So, it finally happened, the Castles Built in Sand have been swept away by the sea and we have dispersed into different ends of the world (almost). It has been a great few years working together and now we are excited to see where the tide carries us, where we shall be washed ashore, and what projects await us ex-CBIS’.
Castles Built in Sand Collective hits 3 Years
Hard to believe but it is 3 years to the week that we first met as a collective in the Sandbar close to Manchester’s various Universities. At that time quite a few of us had just finished a Masters in Visual Anthropology at the Granada Centre in Manchester University, were probably somewhat jaded by the experience of mainstream education, and perhaps were to a degree operating under the illusion that it would be plain sailing into a life as successful independent filmmakers. Well not quite.
Recently we got an email from Laura Kuhn, the director of the John Cage trust in the US. She kindly dropped in a few lines about our latest project “The Song”, along with some other interesting stuff!
Here is a trailer for ‘The Song’, a project we have mentioned in a previous post, and are currently searching for funding to make.
The trailer focuses on one character as he traverses a bleak English landscape. The longer version will bring in two other characters in different parts of Europe, all heading towards the sound of the song. We made it to test our concept, and to pilot the idea. We think it works pretty well, and we hope you enjoy it!
Description: The Song is comprised of B&W analogue stills. This resonates with the film’s themes in that most technology has been lost in a bleak post-apocalyptic world where only John Cage’s composition ‘As Slow As Possible (ASLAP)’ exerts any true meaning and where powerful and contested religious beliefs have grown around ‘the Composer’ and the possibilites of a new dawn upon the sounding of The Song’s final note.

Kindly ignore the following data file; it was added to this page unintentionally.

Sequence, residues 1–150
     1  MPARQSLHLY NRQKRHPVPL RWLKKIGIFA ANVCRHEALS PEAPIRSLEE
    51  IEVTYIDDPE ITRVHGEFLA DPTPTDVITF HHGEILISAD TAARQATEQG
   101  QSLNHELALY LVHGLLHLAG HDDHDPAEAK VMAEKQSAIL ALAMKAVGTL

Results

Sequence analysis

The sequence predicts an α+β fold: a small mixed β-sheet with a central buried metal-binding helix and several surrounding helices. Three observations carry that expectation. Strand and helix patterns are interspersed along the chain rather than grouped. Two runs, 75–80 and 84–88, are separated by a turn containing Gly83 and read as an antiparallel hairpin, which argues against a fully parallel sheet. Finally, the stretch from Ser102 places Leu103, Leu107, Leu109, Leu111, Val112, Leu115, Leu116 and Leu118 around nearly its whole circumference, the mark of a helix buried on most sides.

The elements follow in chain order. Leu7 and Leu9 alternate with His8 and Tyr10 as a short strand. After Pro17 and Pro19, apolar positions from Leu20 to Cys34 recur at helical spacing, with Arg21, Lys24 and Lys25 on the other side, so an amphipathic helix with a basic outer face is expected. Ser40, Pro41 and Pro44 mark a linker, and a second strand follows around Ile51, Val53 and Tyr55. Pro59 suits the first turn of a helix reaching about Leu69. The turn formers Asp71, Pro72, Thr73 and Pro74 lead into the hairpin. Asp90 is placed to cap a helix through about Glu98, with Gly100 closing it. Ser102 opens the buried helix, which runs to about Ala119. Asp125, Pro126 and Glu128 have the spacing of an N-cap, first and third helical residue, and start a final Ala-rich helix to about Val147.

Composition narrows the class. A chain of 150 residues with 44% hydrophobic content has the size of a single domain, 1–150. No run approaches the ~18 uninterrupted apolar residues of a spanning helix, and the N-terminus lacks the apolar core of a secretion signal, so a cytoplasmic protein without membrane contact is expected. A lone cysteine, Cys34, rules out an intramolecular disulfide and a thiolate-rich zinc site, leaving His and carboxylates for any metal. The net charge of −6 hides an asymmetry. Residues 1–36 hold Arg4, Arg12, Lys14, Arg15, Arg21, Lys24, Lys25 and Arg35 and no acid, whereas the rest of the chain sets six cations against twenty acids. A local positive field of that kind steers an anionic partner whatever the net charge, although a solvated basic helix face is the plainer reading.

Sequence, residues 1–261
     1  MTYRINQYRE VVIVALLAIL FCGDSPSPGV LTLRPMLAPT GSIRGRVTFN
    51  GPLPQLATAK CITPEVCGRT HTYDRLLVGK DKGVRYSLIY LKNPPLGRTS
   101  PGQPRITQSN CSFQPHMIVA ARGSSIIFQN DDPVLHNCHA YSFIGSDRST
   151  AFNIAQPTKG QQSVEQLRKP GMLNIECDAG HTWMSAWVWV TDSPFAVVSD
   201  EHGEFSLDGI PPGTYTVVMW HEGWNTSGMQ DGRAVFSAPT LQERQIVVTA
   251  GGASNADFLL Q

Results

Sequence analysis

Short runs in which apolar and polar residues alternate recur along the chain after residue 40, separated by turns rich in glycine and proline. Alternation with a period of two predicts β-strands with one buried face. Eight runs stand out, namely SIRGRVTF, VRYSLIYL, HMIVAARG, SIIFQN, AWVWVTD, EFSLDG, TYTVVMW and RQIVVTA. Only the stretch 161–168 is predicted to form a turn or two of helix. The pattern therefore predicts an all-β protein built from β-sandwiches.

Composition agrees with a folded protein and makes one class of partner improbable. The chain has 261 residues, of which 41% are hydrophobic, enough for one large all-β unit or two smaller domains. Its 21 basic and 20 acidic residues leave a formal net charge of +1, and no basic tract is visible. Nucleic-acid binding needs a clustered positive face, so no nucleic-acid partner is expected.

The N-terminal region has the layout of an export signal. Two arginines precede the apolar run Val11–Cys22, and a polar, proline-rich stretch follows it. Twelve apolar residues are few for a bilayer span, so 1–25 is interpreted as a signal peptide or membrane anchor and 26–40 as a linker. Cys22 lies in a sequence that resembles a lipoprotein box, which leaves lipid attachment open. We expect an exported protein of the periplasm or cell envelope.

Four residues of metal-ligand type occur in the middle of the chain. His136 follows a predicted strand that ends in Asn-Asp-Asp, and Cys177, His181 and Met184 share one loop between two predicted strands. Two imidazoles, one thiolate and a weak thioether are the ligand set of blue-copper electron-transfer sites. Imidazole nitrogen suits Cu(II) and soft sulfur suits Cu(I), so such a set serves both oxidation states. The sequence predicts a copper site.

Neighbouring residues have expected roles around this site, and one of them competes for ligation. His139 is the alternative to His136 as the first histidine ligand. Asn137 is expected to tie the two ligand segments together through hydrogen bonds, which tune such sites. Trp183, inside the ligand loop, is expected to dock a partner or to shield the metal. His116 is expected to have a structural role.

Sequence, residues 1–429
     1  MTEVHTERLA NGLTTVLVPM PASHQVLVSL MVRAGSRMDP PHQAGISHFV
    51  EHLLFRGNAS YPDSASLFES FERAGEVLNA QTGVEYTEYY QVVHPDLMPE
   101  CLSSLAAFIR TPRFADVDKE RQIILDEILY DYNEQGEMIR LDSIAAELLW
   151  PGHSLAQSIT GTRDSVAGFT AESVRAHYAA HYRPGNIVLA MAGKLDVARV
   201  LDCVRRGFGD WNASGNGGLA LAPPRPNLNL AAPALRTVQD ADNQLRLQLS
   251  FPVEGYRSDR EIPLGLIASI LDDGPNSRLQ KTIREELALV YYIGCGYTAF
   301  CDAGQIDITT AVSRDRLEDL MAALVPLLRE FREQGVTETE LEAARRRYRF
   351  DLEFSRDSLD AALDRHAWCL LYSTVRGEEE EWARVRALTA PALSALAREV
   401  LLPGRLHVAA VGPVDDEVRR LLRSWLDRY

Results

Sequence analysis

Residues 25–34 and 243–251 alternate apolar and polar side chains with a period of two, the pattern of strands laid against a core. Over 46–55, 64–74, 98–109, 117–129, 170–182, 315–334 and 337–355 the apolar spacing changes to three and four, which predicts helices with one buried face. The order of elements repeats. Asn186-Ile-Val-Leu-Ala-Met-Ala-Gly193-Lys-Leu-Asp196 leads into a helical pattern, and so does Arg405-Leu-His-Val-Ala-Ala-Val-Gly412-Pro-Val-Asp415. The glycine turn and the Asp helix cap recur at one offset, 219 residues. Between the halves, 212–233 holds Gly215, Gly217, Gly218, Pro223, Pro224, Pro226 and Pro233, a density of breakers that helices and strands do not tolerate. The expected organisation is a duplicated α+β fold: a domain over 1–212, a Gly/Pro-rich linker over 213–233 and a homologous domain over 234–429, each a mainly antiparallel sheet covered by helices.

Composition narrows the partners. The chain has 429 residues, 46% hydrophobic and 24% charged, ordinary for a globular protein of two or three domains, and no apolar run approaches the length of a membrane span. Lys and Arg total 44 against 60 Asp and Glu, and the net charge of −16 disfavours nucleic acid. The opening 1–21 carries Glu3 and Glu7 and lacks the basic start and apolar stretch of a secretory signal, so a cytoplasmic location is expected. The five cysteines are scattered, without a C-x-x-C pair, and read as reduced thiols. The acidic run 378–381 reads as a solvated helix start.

Visually The Song pays homage to Chris Marker’s powerful cinematic essay narrative La Jetée. Aurally it credits John Cage’s legacy by placing central emphasis on the sound design as a whole, not separating musical and environmental sounds, but creating a powerful sonic entity which along with narrative becomes the driving force imbuing the images.
“Silence is not acoustic. It is a change of mind, a turning around.” (John Cage)
Helpyourself Manchester is now free to watch in full on You Tube. Since over 100 people turned out to the launch night in the Klondyke last November, we’ve had a number of really great screening in places like Newcastle, Leeds and Edinburgh- thanks to all who have come out and supported the film. It was always our intention to make HSYM free to view for those interested in DIY music and culture and in the spirit of that community we hope that all of you will share this film far and wide.
After the vague polaroid-post a few weeks ago, we think it is time to provide you with a bit more information about our latest project.
We started working on our first fiction film, a new experience for all of us. Currently titled “The Song”, the film is inspired by Chris Marker’s La Jetée (The Jetty) from 1962, a beautiful film almost completely comprised of stills with an amazing soundtrack. Our film will work with the same aesthetic and sonic concept, but we are going to combine it with animation and – of course – a unique narrative.
The Song is set in a post-apocalyptic world, in which John Cage’s “ASAP (As Slow As Possible)” has taken on a life of its own. “ASAP” is being performed in a church in Halberstadt, Germany at the moment; having started in 2000 it is going to finish in 2640.
Recently we began to shoot the trailer for The Song. You can look forward to seeing it online soon…
Helpyourself Manchester was screened at the Victoria Baths Fanzine Fair. It was a lovely day with loads of interesting discussions. Thanks to everyone who came!
The Skinny published an article about the Fanzine Fair with an excerpt of an interview with us: http://www.theskinny.co.uk/books/features/304578-better_paper_victoria_baths_fanzine_fair